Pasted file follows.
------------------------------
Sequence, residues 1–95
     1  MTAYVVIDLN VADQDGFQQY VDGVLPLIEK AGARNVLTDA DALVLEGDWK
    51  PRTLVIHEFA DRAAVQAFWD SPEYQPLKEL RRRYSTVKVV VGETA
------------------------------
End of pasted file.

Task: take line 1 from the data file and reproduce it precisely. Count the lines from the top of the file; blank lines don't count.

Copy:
Sequence, residues 1–95